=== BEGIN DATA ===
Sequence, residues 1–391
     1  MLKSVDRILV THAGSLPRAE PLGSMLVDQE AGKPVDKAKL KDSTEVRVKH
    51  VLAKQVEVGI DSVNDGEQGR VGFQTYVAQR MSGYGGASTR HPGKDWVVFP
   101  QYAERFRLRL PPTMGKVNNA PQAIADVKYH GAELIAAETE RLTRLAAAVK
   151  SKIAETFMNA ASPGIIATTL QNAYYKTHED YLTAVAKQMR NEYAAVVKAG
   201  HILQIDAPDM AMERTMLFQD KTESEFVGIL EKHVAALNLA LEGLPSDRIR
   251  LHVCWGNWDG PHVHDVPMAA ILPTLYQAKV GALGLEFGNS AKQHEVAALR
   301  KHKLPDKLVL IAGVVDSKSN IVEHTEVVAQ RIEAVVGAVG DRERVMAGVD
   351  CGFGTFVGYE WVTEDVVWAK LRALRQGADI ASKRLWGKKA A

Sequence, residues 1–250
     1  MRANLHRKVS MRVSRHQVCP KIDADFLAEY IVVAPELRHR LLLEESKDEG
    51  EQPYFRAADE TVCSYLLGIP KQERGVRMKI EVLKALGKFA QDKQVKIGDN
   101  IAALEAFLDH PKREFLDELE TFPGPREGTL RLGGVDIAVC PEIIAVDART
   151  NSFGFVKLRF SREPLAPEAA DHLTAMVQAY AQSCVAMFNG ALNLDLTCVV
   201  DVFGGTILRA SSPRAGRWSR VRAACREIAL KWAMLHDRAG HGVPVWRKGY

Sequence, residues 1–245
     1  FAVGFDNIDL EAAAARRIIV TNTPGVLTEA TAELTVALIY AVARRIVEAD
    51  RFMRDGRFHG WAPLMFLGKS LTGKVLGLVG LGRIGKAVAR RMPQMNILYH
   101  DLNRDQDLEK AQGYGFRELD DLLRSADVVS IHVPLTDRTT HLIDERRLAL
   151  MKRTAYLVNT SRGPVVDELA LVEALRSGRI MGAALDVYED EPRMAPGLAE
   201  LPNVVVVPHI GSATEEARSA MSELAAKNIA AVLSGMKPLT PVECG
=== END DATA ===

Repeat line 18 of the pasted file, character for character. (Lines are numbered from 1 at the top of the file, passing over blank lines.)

    51  RFMRDGRFHG WAPLMFLGKS LTGKVLGLVG LGRIGKAVAR RMPQMNILYH